Our staff at Miaomiao is a mix of English and Chinese speakers, and a tip we learned from one of our advisors completely changed the way our English speakers were able to connect with the Chinese vocabulary we teach in Miaomiao.
During a discussion about pronunciation, he suggested we try writing the word phonetically. A light bulb went on.
As we tried some words and phrases that had been challenging, suddenly the team became more comfortable and confident practicing new words and phrases and we made the decision that we needed to share phonetic spelling options for our Miaomiao audience.
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Pinyin: Zhao Xiang
Sounds like: Jaow Shee-yahng
Pinyin: Dui Bu Qi
Sounds like: Doy Boo Chee
There already is a system that uses a modern Latin alphabet to convey Mandarin Chinese words and sounds, and it’s called Pinyin. The benefits of Pinyin are that all Mandarin sounds have a standardized representation in familiar Latin letters. The system is widely used in Mandarin teaching, and it’s actually the primary system used by Mandarin speakers to type their own language on computer keyboards (with exceptions).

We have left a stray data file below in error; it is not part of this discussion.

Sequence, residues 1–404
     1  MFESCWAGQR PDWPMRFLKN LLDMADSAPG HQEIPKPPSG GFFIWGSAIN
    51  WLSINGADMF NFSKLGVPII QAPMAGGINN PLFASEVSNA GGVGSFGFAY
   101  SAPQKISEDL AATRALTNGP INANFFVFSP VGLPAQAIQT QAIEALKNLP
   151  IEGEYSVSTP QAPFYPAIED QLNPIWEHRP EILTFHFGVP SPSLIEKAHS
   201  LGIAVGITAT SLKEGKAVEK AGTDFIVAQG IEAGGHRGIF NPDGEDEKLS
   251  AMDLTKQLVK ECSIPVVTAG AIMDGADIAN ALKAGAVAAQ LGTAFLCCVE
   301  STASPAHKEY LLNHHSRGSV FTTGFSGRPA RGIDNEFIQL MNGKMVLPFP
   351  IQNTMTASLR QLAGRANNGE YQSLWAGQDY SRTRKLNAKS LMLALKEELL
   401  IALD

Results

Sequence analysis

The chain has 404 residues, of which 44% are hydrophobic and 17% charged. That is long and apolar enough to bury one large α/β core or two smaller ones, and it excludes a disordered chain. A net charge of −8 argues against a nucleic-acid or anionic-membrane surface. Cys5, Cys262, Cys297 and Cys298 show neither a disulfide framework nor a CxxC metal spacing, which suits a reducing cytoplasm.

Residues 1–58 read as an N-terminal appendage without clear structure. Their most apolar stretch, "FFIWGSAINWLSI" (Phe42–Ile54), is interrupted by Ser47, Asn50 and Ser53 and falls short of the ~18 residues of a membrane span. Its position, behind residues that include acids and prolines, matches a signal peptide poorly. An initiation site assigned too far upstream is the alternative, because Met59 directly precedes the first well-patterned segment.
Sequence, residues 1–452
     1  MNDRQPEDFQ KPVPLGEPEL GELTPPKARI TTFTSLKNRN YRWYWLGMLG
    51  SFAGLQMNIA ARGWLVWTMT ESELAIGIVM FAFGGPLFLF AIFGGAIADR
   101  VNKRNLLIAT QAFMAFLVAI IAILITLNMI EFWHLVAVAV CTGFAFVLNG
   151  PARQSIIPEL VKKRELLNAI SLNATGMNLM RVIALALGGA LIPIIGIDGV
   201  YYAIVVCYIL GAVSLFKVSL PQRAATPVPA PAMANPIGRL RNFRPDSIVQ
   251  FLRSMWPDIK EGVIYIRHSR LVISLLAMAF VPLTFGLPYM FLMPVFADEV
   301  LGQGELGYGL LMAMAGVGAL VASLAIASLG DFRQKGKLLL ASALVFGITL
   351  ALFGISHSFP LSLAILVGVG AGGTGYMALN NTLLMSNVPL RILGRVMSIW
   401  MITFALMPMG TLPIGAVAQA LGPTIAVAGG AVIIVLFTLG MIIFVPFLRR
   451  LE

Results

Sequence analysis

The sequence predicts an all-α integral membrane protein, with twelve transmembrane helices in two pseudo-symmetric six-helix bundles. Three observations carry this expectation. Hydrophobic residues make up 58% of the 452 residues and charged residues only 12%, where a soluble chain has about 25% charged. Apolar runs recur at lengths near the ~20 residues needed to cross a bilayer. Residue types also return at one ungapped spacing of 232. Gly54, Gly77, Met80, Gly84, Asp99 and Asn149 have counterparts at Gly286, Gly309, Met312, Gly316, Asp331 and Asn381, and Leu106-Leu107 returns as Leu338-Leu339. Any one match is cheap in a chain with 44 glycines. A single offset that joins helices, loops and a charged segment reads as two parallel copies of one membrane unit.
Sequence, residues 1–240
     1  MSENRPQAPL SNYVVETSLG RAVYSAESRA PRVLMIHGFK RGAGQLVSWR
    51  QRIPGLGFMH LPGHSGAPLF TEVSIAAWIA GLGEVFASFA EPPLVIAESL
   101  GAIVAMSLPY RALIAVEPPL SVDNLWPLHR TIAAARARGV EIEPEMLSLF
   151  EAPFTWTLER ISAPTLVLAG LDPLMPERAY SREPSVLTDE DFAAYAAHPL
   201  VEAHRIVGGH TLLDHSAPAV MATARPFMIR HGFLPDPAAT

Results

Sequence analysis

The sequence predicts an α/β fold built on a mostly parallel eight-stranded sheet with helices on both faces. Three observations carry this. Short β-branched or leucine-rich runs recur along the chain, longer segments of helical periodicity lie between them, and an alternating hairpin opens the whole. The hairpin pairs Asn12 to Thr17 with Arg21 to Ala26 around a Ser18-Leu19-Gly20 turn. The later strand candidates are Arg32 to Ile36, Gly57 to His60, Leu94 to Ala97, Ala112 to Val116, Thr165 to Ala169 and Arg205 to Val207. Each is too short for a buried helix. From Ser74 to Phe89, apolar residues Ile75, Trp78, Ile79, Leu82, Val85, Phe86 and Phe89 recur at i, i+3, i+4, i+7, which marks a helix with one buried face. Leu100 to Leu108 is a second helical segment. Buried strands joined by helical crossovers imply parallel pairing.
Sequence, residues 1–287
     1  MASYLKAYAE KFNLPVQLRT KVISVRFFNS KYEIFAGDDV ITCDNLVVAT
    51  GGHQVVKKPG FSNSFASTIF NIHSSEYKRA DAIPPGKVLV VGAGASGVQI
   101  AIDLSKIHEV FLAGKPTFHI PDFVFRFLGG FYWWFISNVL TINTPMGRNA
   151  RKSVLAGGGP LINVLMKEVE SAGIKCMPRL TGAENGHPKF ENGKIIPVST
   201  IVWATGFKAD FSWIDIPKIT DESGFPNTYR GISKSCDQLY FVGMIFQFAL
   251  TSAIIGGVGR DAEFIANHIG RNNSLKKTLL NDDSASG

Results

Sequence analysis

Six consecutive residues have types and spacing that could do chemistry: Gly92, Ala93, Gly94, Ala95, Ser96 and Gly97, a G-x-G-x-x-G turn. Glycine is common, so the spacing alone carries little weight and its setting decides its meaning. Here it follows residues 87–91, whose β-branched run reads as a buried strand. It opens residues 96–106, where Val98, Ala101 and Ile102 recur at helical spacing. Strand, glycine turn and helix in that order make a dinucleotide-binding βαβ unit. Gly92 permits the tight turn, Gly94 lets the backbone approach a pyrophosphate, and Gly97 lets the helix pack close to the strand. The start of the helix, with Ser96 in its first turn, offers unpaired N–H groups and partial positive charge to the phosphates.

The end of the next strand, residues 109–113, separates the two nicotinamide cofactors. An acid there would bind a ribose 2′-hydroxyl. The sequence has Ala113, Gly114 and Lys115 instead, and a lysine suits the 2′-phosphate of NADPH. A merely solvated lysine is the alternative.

The problem is that it can take some time to learn Pinyin itself. Non-Chinese speakers that are first exposed to Pinyin often assume that the letters in Pinyin have the same sounds they are familiar with, which is not true for many letters. There are sounds in Mandarin that do not exist in other languages, such as English. So non-Mandarin speakers relying on Pinyin may speak unintelligibly if they aren’t familiar with the system.
We found this to be a barrier to learning, particularly with parents who wanted to learn along with their children and who did not already speak Mandarin or know Pinyin themselves. So we developed this phonetic system as an interim step.
The phonetic system does not replace Pinyin. Ultimately, Pinyin will be important to later Mandarin learning. Also, the phonetic sounds are a best effort to reflect Mandarin sounds using letters and formations that English speakers are already familiar with—they are not perfect. That said, we’ve tested them on non-Mandarin speakers, and we’ve found they help significantly to bring early Mandarin learners closer to Mandarin sounds.
We’ve also included Pinyin for those familiar with the system. Our hope is that a phonetic system can help remove one barrier and bring more people with a passion and interest for Chinese onto the path of learning the language.
Our goal is to help parents, teachers and children by showing them that Chinese words are easier than they look, and offering a guide to help sound out words and phrases. We’re building our own little Miaomiao dictionary, one word or phrase at a time, and we look forward to sharing it with you.
We hope that by sharing our phonetic spellings, others can enjoy that same experience.
The Miaomiao Team